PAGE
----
See inside a 958-foot cargo ship, from the crew’s living quarters to the massive engine room
- A merchant mariner captured life at sea on a video tour of a Maersk container ship.
- The video shows the everyday life of cargo ship crew as they spend months at sea.
- Second mate Bryan Boyle said workers celebrate hoidays on board with festive meals and community.
A merchant mariner gave a tour of a 958-foot cargo ship in 2019 that showed the intricacies of the hulking freighters that haul 90% of the world’s goods.
In the video, second mate Bryan Boyle records the vast array of machinery that keeps the ship moving, as well as the crew’s and officers’ living quarters on the Maersk ship, which was built in 2006.
Though the video was taken in 2019, Boyle told Insider it provides insight into the lives of shipping crews today.
The merchant mariner said it can be difficult to be away from family for months on end, especially during the holidays, but crew members find ways to celebrate even as they work through Thanksgiving and Christmas.
“I recall a few unique experiences such as singing and playing music together on Christmas since one of the able bodied seaman onboard was a skillful harmonica player,” Boyle told Insider. “Another time we were anchored in Dubai on New Years’ Eve surrounded by many ships. We were counting down to the new year, and then many of the ships started to blow their whistles in celebration as fireworks were being launched from shore in front of us.”
The ship sets out from Norfolk, Virginia, making several stops in the US before heading toward Belgium, Germany, and the Netherlands.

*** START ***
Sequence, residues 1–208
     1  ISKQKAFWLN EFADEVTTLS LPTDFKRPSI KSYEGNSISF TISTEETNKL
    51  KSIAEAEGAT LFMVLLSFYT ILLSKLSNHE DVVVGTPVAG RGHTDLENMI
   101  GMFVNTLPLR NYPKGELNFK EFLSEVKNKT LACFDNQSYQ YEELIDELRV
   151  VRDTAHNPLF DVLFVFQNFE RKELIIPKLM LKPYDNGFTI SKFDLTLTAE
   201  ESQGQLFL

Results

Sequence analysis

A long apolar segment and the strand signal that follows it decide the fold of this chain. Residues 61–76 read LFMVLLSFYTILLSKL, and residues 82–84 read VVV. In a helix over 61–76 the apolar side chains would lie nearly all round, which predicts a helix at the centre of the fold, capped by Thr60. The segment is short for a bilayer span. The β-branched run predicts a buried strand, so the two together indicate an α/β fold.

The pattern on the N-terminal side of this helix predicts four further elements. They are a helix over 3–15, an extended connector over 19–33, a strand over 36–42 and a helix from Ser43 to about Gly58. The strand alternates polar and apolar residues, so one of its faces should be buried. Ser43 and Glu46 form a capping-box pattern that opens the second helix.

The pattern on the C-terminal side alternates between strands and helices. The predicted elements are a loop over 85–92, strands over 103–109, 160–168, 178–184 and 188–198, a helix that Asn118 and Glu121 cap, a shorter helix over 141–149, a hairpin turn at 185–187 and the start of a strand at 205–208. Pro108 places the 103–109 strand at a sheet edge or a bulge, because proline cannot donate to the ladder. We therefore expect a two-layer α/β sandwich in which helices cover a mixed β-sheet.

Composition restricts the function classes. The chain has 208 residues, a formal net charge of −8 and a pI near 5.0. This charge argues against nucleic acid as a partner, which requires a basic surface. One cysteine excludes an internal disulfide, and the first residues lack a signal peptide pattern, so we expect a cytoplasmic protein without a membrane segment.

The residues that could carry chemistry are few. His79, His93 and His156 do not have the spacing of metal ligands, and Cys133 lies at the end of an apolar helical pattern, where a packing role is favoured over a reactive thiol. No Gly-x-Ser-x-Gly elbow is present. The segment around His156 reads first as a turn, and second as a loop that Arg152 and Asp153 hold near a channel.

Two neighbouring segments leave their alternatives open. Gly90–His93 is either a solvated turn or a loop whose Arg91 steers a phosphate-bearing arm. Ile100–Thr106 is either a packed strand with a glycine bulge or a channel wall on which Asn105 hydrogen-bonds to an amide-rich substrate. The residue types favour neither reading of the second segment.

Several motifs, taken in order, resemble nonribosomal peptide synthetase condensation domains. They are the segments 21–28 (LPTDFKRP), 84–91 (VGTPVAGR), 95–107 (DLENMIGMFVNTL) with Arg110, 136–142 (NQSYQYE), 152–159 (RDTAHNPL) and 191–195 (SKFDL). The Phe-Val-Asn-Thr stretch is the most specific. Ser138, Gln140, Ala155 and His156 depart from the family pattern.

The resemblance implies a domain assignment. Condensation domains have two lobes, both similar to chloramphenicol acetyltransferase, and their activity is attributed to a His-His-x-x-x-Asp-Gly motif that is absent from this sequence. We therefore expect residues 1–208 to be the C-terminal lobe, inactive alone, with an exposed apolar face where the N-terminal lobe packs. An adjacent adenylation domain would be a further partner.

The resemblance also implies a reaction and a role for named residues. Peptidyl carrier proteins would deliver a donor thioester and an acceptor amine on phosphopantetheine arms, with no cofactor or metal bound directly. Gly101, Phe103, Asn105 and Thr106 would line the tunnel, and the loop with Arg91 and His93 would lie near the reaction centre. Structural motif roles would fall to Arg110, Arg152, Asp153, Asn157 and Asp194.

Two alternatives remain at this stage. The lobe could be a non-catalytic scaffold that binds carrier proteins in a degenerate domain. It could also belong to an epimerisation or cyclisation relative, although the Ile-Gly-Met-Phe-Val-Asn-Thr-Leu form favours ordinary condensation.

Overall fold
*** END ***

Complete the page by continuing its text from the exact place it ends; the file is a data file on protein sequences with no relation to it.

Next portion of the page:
“I’ve had the opportunity to work on some interesting vessels,” Boyle said. “I’ve gotten to go to places that the average person wouldn’t even know about. It’s one of the most appealing aspects of the job.”
Boyle said that there’s a thrill to arriving at new destinations, remembering how he spent over a month in Africa on one trip. But the amount of time that crews get to explore new destinations has dwindled over the years, he said, as ships rush to get in and out of ports as fast as possible, and early COVID-19 restrictions set limits to crew excursions.
Entertainment options for the ship’s crew of 20 to 25 people are limited on the cargo ships. Boyle said that workers’ time off can include a mix of movies and games, as well as gym time.
The video shows the officers’ lounge, which has a pingpong table and TV, as well as the general crew’s lounge, which has a poker table. During Thanksgiving, Boyle said he and other officers gathered to watch a football game in the lounge using a satellite television.
Take a look at a view of the crew’s mess hall below.
The video shows Boyle’s living quarters, as well as a movie locker that holds hundreds of titles.
The video also highlights the mix of old and new technology that helps keep the supply chain moving, pairing engine control rooms that look like they belong on a spaceship with a massive gyrocompass.
The navigation bridge provides an unrestricted view of the waters ahead and operates as a space where the captain and officers can man the entire operations of the vessel.
The ship has a massive gyrocompass that helps guide its course.
The first seaworthy gyrocompass was produced in 1908. It operates as a type of nonmagnetic compass that uses a fast-spinning disc and the rotation of the Earth to find geographical direction.
The video captures the engine room and the combustion engine that helps power a giant propeller.
Boyle takes viewers on a tour of the exterior of the ship as well, labeling individual parts of the ship and even touring the ship’s lifeboat.
The video ends by showing how the ship pulls up to a dock in Germany — an elaborate process that involves a harbor pilot and several tugboats that bring the ship in from miles out at sea to within inches of the port’s pier.
In the video, cranes discharge containers from the ship. More cranes gradually reload fresh containers before the Maersk Ohio heads back to Norfolk.